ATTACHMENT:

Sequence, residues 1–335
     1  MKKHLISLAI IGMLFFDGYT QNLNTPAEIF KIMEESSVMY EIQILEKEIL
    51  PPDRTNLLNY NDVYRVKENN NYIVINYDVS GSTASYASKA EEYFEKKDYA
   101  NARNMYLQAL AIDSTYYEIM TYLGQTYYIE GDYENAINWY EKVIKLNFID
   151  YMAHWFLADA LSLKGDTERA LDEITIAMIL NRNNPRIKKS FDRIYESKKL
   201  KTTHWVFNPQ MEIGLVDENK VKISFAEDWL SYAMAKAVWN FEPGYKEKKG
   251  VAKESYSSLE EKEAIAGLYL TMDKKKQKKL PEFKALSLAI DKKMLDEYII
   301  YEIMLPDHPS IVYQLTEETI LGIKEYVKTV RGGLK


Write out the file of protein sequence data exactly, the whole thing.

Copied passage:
Sequence, residues 1–335
     1  MKKHLISLAI IGMLFFDGYT QNLNTPAEIF KIMEESSVMY EIQILEKEIL
    51  PPDRTNLLNY NDVYRVKENN NYIVINYDVS GSTASYASKA EEYFEKKDYA
   101  NARNMYLQAL AIDSTYYEIM TYLGQTYYIE GDYENAINWY EKVIKLNFID
   151  YMAHWFLADA LSLKGDTERA LDEITIAMIL NRNNPRIKKS FDRIYESKKL
   201  KTTHWVFNPQ MEIGLVDENK VKISFAEDWL SYAMAKAVWN FEPGYKEKKG
   251  VAKESYSSLE EKEAIAGLYL TMDKKKQKKL PEFKALSLAI DKKMLDEYII
   301  YEIMLPDHPS IVYQLTEETI LGIKEYVKTV RGGLK